‘One for the Whales’ -by Dick Frizzell, & inspired by Sam Hunt’s poem. (photo)
‘One for the Whales’ is the first print in the series, that will be sold to raise funds for a proposed National Whale Centre in Marlborough.
The Screenprint by Dick Frizzell was inspired Sam Hunts poem, ‘The Harpooner’s Song.’
Other artists who will be submitting art work for this cause are: New Zealand artists -Robin White, John Walsh, John Pule, Greg O’Brien, and Australian artist Fiona Hall.
An article on stuff.co.nz said this about the proposed Whale Centre:
The whale centre planned for Picton will tell the story of New Zealand’s whaling history in the Marlborough Sounds and promote the conservation of whales and dolphins through information, research and exhibitions.
Narani Henson uses marine plastic or plastic detritus, also known as ‘beach booty’ to draw attention to issues around waste and pollution.
She was born in New Zealand in 1976 where a love for the ocean was instilled in her at an early age. A keen surfer, avid collector and environmental artist she sees herself as a ‘custodian of the sea’. With the help of local marine conservation organisation Positive Change For Marine Life she collects marine plastic and turns it into evocative artworks. (Read more – sourced from here)
“Do you know that 2.4 million pounds of plastic is estimated to enter the worlds ocean every hour? Which is 1089 tons of plastic! When I first learnt of the huge volume of plastic pouring into the Worlds ocean’s I have to admit I became very emotional. Our global environment is facing significant risks from pollution which has been created through over-consumption and thoughtless waste disposal by us.
I am working on the process of recycling marine plastic by transforming it into ‘something else’. Through the presentation of my work I hope to highlight the amount of plastic in our ocean in an attempt to comment on the effects resulting from the by-products of our consumer society, I hope to draw people’s attention to the deeper meaning it conveys. I think like any global issue it can feel over whelming and too big to make a difference. But I made the conscience decision to do my part… think local act global, every little bit counts, just like organisations like “Positive change for marine life”, “My Two hands” and “Take three”, I started to take responsibility for my beach by picking up marine plastic and rubbish”. – Narani Henson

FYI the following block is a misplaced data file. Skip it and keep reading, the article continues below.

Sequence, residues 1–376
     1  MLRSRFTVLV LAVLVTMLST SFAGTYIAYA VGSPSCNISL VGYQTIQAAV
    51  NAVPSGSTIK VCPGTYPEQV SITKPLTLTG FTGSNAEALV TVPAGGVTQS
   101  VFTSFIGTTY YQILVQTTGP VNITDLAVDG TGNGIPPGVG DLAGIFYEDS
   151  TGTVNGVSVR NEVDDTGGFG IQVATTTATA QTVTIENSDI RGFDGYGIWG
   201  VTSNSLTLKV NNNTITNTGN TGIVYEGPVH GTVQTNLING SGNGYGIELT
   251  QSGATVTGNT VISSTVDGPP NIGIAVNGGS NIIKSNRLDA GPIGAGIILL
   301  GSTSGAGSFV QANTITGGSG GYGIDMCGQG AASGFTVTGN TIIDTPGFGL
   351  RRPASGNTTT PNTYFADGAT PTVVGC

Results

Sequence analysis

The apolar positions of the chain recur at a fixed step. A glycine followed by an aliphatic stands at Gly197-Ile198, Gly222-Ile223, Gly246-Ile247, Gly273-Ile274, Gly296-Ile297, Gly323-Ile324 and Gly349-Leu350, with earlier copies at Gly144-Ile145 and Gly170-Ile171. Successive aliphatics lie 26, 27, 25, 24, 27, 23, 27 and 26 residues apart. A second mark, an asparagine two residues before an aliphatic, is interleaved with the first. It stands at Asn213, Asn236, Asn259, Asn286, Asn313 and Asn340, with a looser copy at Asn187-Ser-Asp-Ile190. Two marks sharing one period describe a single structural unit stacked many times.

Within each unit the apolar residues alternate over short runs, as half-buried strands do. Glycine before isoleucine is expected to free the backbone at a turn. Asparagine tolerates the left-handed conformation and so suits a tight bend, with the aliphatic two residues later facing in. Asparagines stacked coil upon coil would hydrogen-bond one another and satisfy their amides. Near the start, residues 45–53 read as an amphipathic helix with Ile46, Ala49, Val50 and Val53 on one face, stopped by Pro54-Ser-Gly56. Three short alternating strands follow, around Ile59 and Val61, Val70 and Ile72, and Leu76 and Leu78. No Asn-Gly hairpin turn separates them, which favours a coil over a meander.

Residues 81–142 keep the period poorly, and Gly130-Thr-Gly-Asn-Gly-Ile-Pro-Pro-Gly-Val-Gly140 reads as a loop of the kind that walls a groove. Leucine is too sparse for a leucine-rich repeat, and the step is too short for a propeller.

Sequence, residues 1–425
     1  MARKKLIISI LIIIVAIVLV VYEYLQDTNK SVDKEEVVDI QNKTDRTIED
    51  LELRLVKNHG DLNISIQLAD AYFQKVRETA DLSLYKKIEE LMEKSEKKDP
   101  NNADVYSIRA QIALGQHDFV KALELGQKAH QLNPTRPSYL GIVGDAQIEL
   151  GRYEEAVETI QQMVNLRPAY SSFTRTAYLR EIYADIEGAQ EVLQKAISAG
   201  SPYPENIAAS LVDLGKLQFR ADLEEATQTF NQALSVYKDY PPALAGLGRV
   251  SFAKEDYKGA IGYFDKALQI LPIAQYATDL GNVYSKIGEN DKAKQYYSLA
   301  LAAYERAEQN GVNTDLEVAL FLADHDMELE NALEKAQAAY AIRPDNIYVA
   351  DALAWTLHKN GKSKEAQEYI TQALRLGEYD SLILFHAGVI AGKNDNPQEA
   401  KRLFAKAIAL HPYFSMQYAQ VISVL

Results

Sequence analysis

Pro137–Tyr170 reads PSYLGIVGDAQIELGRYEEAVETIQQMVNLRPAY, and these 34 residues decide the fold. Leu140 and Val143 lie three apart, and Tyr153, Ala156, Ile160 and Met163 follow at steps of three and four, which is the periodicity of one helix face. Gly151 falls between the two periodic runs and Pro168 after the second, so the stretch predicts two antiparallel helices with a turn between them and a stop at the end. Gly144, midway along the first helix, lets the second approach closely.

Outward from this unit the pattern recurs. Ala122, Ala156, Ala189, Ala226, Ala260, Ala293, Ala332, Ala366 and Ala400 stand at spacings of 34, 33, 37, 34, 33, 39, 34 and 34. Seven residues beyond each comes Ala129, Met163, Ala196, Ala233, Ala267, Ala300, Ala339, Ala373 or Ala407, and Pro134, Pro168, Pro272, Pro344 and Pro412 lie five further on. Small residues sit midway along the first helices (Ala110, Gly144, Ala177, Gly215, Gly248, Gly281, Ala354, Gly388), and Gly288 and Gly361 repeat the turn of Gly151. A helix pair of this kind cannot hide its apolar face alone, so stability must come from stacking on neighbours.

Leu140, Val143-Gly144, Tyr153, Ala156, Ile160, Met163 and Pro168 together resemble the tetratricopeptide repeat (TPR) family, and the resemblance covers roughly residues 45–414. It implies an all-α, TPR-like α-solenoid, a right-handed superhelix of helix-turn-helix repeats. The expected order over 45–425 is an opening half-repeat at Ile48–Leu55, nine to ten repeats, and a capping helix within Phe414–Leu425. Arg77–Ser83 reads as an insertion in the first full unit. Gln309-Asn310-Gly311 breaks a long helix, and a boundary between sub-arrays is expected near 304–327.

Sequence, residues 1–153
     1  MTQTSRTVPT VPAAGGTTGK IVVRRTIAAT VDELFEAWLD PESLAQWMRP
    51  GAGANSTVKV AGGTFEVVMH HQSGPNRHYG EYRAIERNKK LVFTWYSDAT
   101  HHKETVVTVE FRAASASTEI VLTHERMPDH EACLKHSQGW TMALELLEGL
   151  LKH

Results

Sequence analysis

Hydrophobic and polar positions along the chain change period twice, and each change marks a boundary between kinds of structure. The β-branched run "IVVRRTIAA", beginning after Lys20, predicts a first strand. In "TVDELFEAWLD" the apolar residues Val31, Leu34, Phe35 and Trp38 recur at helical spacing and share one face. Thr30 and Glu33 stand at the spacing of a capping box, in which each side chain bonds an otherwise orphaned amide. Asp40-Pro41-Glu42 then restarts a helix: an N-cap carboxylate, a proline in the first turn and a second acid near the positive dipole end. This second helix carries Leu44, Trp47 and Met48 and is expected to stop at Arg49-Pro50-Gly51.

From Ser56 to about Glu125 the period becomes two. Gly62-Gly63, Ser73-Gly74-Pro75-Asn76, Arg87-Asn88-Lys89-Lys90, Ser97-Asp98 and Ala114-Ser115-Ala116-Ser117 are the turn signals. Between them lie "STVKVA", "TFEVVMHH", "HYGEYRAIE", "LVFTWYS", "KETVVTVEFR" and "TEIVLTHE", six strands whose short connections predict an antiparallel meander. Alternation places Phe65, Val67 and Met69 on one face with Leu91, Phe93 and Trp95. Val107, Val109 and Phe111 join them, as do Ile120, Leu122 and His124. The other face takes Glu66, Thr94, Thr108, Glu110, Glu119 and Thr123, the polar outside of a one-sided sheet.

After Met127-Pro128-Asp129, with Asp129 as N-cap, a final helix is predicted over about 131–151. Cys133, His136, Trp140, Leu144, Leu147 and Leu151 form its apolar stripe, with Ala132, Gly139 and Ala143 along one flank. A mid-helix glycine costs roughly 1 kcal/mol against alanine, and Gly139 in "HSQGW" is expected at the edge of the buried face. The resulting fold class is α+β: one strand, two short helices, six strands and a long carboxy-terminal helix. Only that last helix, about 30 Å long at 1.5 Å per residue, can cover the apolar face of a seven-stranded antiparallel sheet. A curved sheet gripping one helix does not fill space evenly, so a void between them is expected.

Sadly on 14th September 2012, this well-known New Zealand artist passed away.
He had a special connection with the land & was able to depict this beautifully in his work.
The Diversion Gallery wrote this about Binney:
Don Binney needs little introduction to art lovers – or the New Zealand public – so distinctive are his iconic paintings and drawings of birds and landforms. In a career spanning more than 40 years, his commitment to ornithology, environmental issues and spiritual connection with the land has driven his art practice. (sourced from here)
And these pieces are from a story on Stuff.co.nz that was written remembering the artists life after he had passed away.
“Judy Hanbury said Binney’s love of the environment was rooted in his boyhood. He saw his first shining cuckoo in Kohimarama and never lost the joy of hearing the first one of spring.
That love would feed into his conservation efforts that saw him engage with many trusts dedicated to protecting New Zealand’s flora and fauna.” (Source: Stuff)